Cleopatra allegedly scattered rose petals around the room. Especially whenever her paramour, Marc Antony, arrived. This was so that whenever he smelt a nose on his conquest, he would be reminded of her.
As in China, Roman Emperors would clear farmland in favour of rose bushes. All to satiate an incredible desire for the plant. Roses would soon be associated with Pagan Rome, and so early Christians refused to cultivate them until the Crusades. Crusaders are said to have brought the Damascus rose back with them from the Holy Land. And so the remerging of roses as a symbol of Christianity began.
Wedding Ceremony Flowers - How Roses have become a symbol of Love
Even in ancient times, roses had an irresistible connection to romance. Cleopatra is but one famous example of the courtship ceremonies these flowers were associated with. Aphrodite, the Greek Goddess of love, was said to have injured herself on a thorn from a rose bush. Her blood stained the white rose red, like the Queen of Hearts in Alice in Wonderland. Did red roses earn their association with the Love Goddess Aphrodite?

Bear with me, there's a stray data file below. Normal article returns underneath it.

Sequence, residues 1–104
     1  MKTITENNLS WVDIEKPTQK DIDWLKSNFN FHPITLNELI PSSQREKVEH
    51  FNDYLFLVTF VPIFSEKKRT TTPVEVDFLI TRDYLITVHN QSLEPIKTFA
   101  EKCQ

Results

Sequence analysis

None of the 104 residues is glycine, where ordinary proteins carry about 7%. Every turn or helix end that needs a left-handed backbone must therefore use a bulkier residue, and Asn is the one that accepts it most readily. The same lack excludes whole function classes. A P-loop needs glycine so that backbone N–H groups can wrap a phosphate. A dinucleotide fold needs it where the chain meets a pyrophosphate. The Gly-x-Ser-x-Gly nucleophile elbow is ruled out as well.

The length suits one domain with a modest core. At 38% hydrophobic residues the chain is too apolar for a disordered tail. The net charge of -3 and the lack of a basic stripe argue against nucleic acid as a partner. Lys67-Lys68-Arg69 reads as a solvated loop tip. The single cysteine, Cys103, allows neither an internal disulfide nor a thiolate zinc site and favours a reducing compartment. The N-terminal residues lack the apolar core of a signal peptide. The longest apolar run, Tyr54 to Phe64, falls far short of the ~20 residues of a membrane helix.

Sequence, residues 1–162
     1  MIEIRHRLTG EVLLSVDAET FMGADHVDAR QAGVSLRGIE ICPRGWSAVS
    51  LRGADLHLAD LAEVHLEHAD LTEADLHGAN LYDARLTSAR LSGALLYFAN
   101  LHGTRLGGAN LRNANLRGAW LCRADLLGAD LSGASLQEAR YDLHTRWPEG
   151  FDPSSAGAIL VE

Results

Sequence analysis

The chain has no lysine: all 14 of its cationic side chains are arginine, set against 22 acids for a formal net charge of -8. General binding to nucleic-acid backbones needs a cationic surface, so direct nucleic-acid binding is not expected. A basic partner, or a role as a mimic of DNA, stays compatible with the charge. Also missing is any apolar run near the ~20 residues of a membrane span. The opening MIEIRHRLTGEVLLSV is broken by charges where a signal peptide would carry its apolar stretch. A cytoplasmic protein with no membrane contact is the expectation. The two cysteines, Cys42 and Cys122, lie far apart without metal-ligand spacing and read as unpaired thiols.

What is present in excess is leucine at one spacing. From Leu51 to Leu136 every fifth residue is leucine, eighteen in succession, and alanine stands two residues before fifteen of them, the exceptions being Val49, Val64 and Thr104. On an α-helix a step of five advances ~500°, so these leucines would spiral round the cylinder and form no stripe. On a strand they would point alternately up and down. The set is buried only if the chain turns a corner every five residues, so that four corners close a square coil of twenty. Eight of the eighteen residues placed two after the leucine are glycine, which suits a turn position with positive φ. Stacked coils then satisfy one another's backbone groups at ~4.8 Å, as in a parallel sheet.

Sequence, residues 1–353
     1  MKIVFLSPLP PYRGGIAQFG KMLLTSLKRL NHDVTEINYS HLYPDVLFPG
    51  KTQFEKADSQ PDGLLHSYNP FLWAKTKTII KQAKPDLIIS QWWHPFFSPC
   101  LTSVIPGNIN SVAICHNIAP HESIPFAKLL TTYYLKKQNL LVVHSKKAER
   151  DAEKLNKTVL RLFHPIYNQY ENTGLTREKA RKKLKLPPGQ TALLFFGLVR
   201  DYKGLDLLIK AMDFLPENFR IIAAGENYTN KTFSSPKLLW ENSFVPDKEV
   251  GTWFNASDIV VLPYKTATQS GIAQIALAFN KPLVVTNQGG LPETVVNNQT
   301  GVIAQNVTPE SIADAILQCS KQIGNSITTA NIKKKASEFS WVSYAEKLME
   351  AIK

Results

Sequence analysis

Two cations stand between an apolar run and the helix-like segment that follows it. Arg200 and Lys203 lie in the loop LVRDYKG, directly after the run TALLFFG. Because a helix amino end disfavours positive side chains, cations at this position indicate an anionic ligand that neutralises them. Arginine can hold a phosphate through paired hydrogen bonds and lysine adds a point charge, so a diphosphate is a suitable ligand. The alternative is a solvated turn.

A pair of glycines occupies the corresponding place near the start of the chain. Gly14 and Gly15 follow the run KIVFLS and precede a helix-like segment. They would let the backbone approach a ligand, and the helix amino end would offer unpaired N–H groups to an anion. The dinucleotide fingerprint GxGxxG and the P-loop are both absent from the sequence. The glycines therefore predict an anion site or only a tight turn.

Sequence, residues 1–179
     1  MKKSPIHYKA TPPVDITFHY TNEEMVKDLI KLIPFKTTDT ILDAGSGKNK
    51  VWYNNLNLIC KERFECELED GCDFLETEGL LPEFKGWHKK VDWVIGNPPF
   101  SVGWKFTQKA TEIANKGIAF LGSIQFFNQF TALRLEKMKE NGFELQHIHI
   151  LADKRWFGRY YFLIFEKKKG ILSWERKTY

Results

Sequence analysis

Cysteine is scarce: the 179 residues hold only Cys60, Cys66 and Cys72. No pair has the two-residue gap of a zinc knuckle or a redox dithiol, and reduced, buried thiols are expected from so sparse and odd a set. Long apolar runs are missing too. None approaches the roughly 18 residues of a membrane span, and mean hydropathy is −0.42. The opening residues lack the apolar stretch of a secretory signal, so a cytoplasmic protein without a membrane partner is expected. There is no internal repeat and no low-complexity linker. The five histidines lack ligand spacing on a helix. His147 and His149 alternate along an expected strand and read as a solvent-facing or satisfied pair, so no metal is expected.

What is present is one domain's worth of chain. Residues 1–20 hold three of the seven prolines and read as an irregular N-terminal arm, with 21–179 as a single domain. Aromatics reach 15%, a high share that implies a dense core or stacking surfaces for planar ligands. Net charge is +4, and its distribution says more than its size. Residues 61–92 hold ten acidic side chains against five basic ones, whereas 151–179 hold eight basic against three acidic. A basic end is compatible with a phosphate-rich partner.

Flower crowns, were also used in ancient wedding ceremonies. They would weave roses and other wild and beautiful flowers together into wreathes. Often would the brides wear them, to symbolise their importance. These wedding flowers would fall out of fashion in medieval Europe, because they were associated with pagan gods, lust and blasphemy. Yet, the trend continued in much of the eastern European and Asian world. Flower Crowns were brought back into fashion along with a white wedding gown by Queen Victoria.
Today, red roses have an irresistible association with weddings, marriages, love and courtship. This is largely thanks to the widespread commercialisation of Valentine's day. The western world is awash with never-ending images of love with a thorned rose.
Rose Arrangements Today - How to make these Roses Into Wedding Flowers!
Let’s imagine a dream wedding for a moment – It doesn’t have to be showy, or it can be if you like. A location or close to home wedding, money is no object. Now imagine it bristling with flowers and stunning petals of all colours.